Riflescopes with parallax adjustments, illuminated reticles, 8X zoom ranges and turrets dialing past 1,500 yards are impressive, but do we really need that to still-hunt whitetails in Ohio farmland or chase elk at 8,000 feet in Idaho? An optic like Leupold’s new VX-3i 3.5X-10X-40mm with the Boone & Crockett ballistic reticle is likely better suited for most hunters’ needs. This 12.6-ounce scope, a reengineered upgrade from the previous VX-3, is bright, sharp, slim and extremely reliable.
If the 40mm objective seems a bit undersized for the 21st century, consider the exit pupils it produces at various powers. Exit pupil (EP) is the diameter of the circle of light you see in the eyepiece with the scope held about 18 inches away from your eyes. It is determined by objective diameter divided by power, so at 10X this scope’s EP is 4mm. EP must match or exceed the diameter of your own pupil in order to pass into your retina all the light it can absorb. The human pupil dilates from about 2.5mm in full sunlight up to 7mm in darkness. So, if you put this 10X scope on a pronghorn at 3 p.m. under blue skies, it will project a beam of light onto your pupil that is so wide nearly half of it will reflect off your iris, wasted.
Shortly after sunset your pupils may enlarge to 5mm, maybe even 6mm, to let in more light. Then at 10X the VX-3i will not paint onto your retina all the light you could use. Solution? Dial the power down to 6X. The scope’s EP enlarges to 6.7mm.
Don't worry about that traditional 1-inch main tube, either. It won’t minimize brightness by the tiniest glimmer. Objective lens diameter and power determine brightness regardless of main-tube diameter. I could clearly see the Boone & Crockett reticle, including the two sub-reticles and tiny, lowest hash bar, against dark red boulders 45 minutes after sunset. A half hour after sunset I could make out the reticle against the black shadow of a shallow cave 80 yards away.
EP diameter isn’t the only factor in scope brightness. Anti-reflection lens coatings play a huge role. Leupold applies its Twilight Max Light Management System to the VX-3i. Lenses have been treated with anti-reflection coatings balanced to their refractive indices and to all other lenses in the system to maximize light transmission across the color spectrum. In layman’s terms, anti-reflection coatings maximize light transmission while minimizing flare, that annoying haze you see in a cheap scope.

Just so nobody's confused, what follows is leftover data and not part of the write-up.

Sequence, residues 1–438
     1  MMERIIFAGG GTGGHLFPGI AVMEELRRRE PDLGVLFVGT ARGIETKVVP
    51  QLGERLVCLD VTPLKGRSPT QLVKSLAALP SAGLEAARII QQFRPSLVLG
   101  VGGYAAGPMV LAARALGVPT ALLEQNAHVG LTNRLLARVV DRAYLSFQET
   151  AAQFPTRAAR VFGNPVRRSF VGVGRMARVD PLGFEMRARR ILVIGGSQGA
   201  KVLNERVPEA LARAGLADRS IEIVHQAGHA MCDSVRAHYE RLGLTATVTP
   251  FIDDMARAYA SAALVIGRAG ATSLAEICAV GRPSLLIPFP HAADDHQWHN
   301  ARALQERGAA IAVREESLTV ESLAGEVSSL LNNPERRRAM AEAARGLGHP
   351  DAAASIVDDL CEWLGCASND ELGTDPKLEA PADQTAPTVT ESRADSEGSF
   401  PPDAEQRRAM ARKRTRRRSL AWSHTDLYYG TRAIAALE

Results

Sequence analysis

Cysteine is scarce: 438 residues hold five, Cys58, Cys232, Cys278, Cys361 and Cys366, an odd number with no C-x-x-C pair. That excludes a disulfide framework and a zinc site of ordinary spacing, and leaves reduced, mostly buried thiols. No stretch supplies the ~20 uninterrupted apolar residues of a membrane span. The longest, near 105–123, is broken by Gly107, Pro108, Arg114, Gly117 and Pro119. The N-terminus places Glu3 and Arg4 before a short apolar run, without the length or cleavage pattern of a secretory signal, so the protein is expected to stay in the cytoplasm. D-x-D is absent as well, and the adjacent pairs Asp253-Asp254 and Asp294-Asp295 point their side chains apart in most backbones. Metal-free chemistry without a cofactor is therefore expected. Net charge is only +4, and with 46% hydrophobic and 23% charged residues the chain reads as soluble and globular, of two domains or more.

To test all this optical excellence, I compared the new scope to Leupold’s previous VX-3 of the same size. With the sun about a half hour above the western horizon, I glassed into the shadows right under it. That put full sun on the objective lenses, yet I saw no flare and just a touch of haze in the older VX-3. The new VX-3i transmitted slightly but noticeably deeper saturation and contrast at 3.5X, 6X and 10X, most apparent when I detected white lettering on a new concrete building 2 miles away. I hadn’t noticed it with the old VX-3. That’s the kind of contrast that helps you pick antler tines from branches, gray mule deer from gray sagebrush. I also was able to detect a very slight improvement in sharpness with the VX-3i.
Optical quality is just one part of scope performance. There are mechanical jobs, and the VX-3i handled them like a pro. The zoom ring turned smoothly, stopped on a dime and held firmly, an improvement over the old model. A slightly larger thumb projection on the power ring helps with turning. Leupold has resisted the Euro-style, quick-adjust eyepiece diopter for focusing the reticle, which I appreciate. Reticle focus should be a one-time job. I’ve wasted more time readjusting bumped Euro-style diopter rings than locking a Leupold-style eyepiece.
Turrets snapped into place firmly with tactile and audio confirmation. The clicks aren’t as crisp or loud as on many dedicated, long-range scopes, but they’re sufficient for effective dialing—especially when the scope is fitted with a CDS dial (available separately).
To check the accuracy of adjustments, I mounted an old-fashioned collimator grid, centered the reticle on it and repeatedly turned both elevation and windage turrets 20 to 30 clicks left, right, up, down and back in varying combinations. The reticle always returned dead center. It remained centered while I twisted the power ring from 3.5X to 10X and back.
Leupold’s reputation for toughness should carry through with this scope. Its erector tube is kept in place with two return springs. External lenses are protected with DiamondCoat 2. The scope is purged with argon/krypton gas to keep moisture at bay and resist thermal shock. I tested this by freezing the scope overnight. After 10 minutes at room temperature, it showed not a trace of internal fogging, so I submerged it in water for 10 more minutes. It emerged fog-free. I dunked it again, turned the power ring, screwed the eyepiece bell in and out a few times, then removed both turret caps. No bubbles. A visual inspection with flashlight illumination through the objective lens showed no sign of moisture.
Leupold has been building a reputation for practical, durable hunters’ scopes for decades, and the VX-3i appears to fit the mold. The 3.5X-10X-40mm version is darn near the ideal, do-everything scope.
• Type: variable-power riflescope
• Magnification: 3.5X-10X
• Objective Lens Diameter: 40mm
• Eye Relief: 4.4" (3.5X), 3.6” (10X)
• Exit Pupil: 11.4mm (3.5X), 4mm (10X)
• Field of View @ 100 Yds: 29.8' (3.5X), 11' (10X)
• Reticle: second focal plane; Duplex, Boone & Crockett (tested)
• Adjustments: .25 MOA
• Coatings: fully multi-coated; Twilight Max Light Management System, DiamondCoat 2
• Dimensions: tube diameter 1"; length 12.6"; weight 12.6 ozs.
• Construction: one-piece anodized aluminum tube; argon/krypton-filled; waterproof, fog-proof, shockproof
• Accessories: neoprene scope cover, coupon for free CDS dial
• MSRP: $649.99